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Immunization Guidelines for Children

Image for kids and exercise article A vaccine, or immunization, is a medication given to a person so that the person produces antibodies against a certain infection. These antibodies then serve to help prevent the infection.
In the US, vaccines have resulted in record-low levels of certain childhood diseases. Vaccines do not only protect the person they are given to, but also the population at large, since they work to reduce the general prevalence of once-common infections.

Vaccine-Preventable Infections

The following infections can be prevented by vaccination:

Childhood Vaccines

The following vaccines are recommended in children who are at average risk for these infections:

Childhood Immunization Schedule

The table below summarizes when children of average risk should receive certain vaccinations. You may print the table and use the “Date received” column to track when your child receives each vaccine.
Age Recommended vaccines Date received
Birth
  • HepB (first dose)
1-2 months
  • HepB (second dose)
2 months
  • DTaP (first dose)
  • Hib (first dose)
  • PCV (first dose)
  • Polio vaccine (first dose)
  • Rotavirus vaccine (first dose)
4 months
  • DTaP (second dose)
  • Hib (second dose)
  • PCV (second dose)
  • Polio vaccine (second dose)
  • Rotavirus vaccine (second dose)
6 months
  • DTaP (third dose)
  • Hib (third dose)
  • PCV (third dose)
  • Rotavirus vaccine (third dose)
Yearly after 6 months
  • Influenza (Some children aged 6 months to 8 years old may need second dose 4 weeks after the first dose.)
6-18 months
  • HepB (third dose)
  • Polio vaccine (third dose)
12-15 months
  • Hib (fourth dose)
  • MMR (first dose)
  • PCV (fourth dose)
  • Varicella (first dose)
12-23 months
  • HepA (second dose given 6-18 months after first dose)
15-18 months
  • DTaP (fourth dose)
4-6 years
  • DTaP (fifth dose)
  • Polio vaccine (fourth dose)
  • MMR (second dose)
  • Varicella (second dose)
11-12 years
  • Tdap (booster shot to protect against tetanus, diphtheria, and pertussis)
  • HPV (three doses)
  • MCV4
16-18 years
  • MCV4 booster
Certain “high-risk” children may need to receive additional vaccinations and/or doses. Also, if your child missed one or more vaccines, the Centers for Disease Control and Prevention (CDC) has recommended times for “catch-up” immunizations. Talk to the doctor to find out if this applies to your child.

Some Children Should Not Be Vaccinated

Childhood vaccines are generally very safe. Some children may experience mild adverse events at the time of the vaccine, including fever, soreness at the vaccine site, or a lump under the skin where the shot was given. Some reactions (MMR) do not appear until weeks after the vaccine is given.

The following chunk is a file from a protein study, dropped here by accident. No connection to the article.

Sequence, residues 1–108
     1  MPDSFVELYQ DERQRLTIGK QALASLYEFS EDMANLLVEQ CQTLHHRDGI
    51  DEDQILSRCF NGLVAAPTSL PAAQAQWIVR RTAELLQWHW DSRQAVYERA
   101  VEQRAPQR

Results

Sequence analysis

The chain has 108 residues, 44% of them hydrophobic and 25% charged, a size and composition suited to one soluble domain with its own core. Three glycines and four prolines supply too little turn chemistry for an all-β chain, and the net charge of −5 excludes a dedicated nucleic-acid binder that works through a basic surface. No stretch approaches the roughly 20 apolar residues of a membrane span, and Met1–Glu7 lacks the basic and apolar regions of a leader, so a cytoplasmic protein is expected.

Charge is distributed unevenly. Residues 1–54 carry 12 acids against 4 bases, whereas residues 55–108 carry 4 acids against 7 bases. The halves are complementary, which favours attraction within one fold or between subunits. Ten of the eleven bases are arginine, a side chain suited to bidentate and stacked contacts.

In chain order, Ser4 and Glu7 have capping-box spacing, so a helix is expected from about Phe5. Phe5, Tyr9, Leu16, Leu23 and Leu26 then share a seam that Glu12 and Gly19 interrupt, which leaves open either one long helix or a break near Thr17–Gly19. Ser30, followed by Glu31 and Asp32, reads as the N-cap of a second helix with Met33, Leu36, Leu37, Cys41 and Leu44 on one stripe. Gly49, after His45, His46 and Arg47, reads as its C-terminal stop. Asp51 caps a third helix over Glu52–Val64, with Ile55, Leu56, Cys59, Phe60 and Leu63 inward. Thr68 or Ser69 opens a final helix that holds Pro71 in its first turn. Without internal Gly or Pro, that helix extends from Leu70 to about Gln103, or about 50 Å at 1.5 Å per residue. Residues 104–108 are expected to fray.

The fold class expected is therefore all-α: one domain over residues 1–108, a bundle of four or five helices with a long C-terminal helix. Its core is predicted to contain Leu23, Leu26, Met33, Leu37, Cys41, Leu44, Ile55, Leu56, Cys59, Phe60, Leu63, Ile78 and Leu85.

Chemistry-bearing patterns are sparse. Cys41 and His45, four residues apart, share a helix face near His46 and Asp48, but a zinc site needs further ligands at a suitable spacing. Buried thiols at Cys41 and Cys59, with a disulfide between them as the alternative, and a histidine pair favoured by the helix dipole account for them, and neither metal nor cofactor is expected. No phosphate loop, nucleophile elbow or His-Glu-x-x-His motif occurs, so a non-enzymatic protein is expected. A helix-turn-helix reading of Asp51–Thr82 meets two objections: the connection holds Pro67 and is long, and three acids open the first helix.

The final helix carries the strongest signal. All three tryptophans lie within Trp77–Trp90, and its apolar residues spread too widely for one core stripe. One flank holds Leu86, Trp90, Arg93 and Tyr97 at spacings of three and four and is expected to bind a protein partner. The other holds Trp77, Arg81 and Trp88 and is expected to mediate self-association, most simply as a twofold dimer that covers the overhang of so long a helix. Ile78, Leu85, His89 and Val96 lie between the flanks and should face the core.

The small risk of serious adverse events is far outweighed by the disease-preventing benefits of vaccines in most cases. However, there are some situations in which children should not receive certain vaccines. Examples of these situations include children who:
Talk with the doctor to find out if it is safe to have your child vaccinated.

RESOURCES

American Academy of Pediatrics http://wwww.aap.org

Vaccines and Immunizations Centers for Disease Control and Prevention http://www.cdc.gov/vaccines

CANADIAN RESOURCES

Health Canada http://www.hc-sc.gc.ca

Public Health Agency of Canada http://www.phac-aspc.gc.ca/

References

Birth-18 years and "catch up" immunization schedules. Centers for Disease Control and Prevention website. Available at: http://www.cdc.gov/vaccines/schedules/hcp/child-adolescent.html. Updated May 14, 2014. Accessed July 15, 2014.

Childhood vaccines: what they are and why your child needs them. Family Doctor—American Academy of Family Physicians website. Available at: http://familydoctor.org/familydoctor/en/kids/vaccines/childhood-vaccines-what-they-are-and-why-your-child-needs-them.html. Updated December 2010. Accessed July 15, 2014.

Immunization schedules. Centers for Disease Control and Prevention website. Available at: http://www.cdc.gov/vaccines/schedules. Updated January 31, 2014. Accessed July 15, 2014.

Vaccine information statement: influenza vaccine: inactivated. Centers for Disease Control and Prevention website. Available at: http://www.cdc.gov/vaccines/hcp/vis/vis-statements/flulive.html. Updated July 26, 2013. Accessed July 15, 2014.

Vaccine information statement: influenza vaccine: live, intranasal. Centers for Disease Control and Prevention website. Available at: http://www.cdc.gov/vaccines/pubs/vis/downloads/vis-flulive.pdf. Updated July 2, 2012. Accessed September 18, 2012.

Vaccine-preventable childhood diseases. Centers for Disease Control and Prevention website. Available at: http://www.cdc.gov/vaccines/vpd-vac/child-vpd.htm. Updated February 25, 2012. Accessed July 15, 2014.

Varicella (Chickenpox) Vaccination. Centers for Disease Control and Prevention website. Available at: http://www.cdc.gov/vaccines/vpd-vac/varicella/default.htm. Updated April 5, 2012. Accessed July 15, 2014.

9/18/2012 DynaMed's Systematic Literature Surveillance http://www.ebscohost.com/dynamed: Centers for Disease Control and Prevention (CDC). Prevention and control of influenza with vaccines: recommendations of the Advisory Committee on Immunization Practices (ACIP) - United States, 2012-13 influenza season. MMWR Morb Mortal Wkly Rep. 2012;61:613-618.

4/24/2014 DynaMed's Systematic Literature Surveillance http://www.ebscohost.com/dynamed: Centers for Disease Control and Prevention (CDC). Advisory committee on immunization practices recommended immunization schedules for persons aged 0 through 18 years—United States, 2014. MMWR Morb Mortal Wkly Rep. 2014 Feb 7;63(5):108-9.

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